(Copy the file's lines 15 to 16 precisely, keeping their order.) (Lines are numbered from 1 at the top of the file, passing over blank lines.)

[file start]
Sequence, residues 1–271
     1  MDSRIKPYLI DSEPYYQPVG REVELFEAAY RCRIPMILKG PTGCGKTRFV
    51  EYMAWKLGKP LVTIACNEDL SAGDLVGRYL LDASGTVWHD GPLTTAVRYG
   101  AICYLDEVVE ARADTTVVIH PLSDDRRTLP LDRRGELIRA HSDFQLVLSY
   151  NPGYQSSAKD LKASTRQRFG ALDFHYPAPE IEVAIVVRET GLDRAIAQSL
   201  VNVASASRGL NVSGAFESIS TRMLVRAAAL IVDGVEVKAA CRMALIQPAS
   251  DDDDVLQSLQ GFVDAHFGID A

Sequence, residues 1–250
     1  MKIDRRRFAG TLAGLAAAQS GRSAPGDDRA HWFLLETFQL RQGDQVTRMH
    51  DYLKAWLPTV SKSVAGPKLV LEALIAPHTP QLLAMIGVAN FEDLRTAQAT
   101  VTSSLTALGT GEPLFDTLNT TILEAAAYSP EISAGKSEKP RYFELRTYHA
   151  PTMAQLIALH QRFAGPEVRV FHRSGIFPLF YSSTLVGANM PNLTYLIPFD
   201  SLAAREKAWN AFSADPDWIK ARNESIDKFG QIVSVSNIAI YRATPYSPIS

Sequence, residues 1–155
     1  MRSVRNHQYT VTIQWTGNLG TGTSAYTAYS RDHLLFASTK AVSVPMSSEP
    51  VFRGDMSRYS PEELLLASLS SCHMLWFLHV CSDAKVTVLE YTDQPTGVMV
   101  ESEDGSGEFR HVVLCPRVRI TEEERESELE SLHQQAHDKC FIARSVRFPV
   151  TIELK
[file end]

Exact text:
     1  MRSVRNHQYT VTIQWTGNLG TGTSAYTAYS RDHLLFASTK AVSVPMSSEP
    51  VFRGDMSRYS PEELLLASLS SCHMLWFLHV CSDAKVTVLE YTDQPTGVMV